I've also seen something where an AGC circuit uses a 'static' charge across a capacitor as a voltage level for gain control. As voltage on the cap changes, so does the operating point of the amp. The advantage to this is that one comparator can sample each TO-3's Vce ( or DC Vbe ?), report it to a PIC, which can output a PWM'd pulse to the cap (+ or -) to vary the gain on the TO-3 with the greatest Vdrop. 'Smart' AGC. And at 1Mhz, variations between transistors would be minimal even with signal applied.
Can't we end all posts with a comical quip?

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Re: High Power Amps - guitar, car, PA, etc.

Post by chessman » Sat Jan 03, 2004 10:17 am

Just thought I'd add that a true Class A amplifier will realisticly be much less efficient than 50%.<p>I know people that have built some class A amps that are lucky to get 10% efficieny.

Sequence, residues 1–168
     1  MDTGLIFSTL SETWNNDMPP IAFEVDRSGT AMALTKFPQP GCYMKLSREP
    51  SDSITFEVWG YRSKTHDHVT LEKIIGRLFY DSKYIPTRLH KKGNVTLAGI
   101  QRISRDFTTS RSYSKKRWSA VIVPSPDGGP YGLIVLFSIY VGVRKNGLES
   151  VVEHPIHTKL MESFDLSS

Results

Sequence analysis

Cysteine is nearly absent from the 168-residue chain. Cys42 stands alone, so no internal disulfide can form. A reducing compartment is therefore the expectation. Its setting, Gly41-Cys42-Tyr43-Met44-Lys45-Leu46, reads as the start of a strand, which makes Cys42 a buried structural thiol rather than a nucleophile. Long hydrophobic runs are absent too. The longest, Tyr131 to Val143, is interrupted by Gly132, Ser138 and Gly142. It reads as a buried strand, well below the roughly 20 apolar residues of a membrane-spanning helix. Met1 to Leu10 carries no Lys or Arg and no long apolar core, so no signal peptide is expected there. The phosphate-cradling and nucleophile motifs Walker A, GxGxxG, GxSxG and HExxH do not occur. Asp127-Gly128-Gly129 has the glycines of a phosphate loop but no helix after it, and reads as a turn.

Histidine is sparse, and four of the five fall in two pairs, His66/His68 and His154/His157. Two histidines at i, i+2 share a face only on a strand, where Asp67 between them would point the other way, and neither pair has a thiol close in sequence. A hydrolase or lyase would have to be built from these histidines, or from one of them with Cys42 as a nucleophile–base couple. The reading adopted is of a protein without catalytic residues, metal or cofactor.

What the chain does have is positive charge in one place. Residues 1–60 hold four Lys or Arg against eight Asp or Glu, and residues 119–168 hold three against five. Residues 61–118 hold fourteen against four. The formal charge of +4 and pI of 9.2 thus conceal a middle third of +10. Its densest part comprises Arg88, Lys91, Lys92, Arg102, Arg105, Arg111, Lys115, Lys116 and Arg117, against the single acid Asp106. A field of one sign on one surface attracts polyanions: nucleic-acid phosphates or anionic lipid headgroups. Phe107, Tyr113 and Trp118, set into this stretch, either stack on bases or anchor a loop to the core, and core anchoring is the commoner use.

gjohnson
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Re: High Power Amps - guitar, car, PA, etc.

Post by gjohnson » Sun Jan 04, 2004 5:39 pm

True enough - 50% is only a theoretical maximum, and even then only if an output transformer is used. The schematics posted above look to be A/B amps though, and if biased correctly I know these can nearly eliminate the dreaded crossover distortion that seems to be the only attractive thing with a pure Class A. <p>Once again I sincerely appreciate all your responses in this thread. I now know virtually all I need to know now to start putting one together. Special thanks to those of you who posted the schematics, as this will significantly aid in my learning in this subject. I wish everyone here a very happy new year and send out my thanks once again!
Glenn Johnson
Electrical Engineer in Training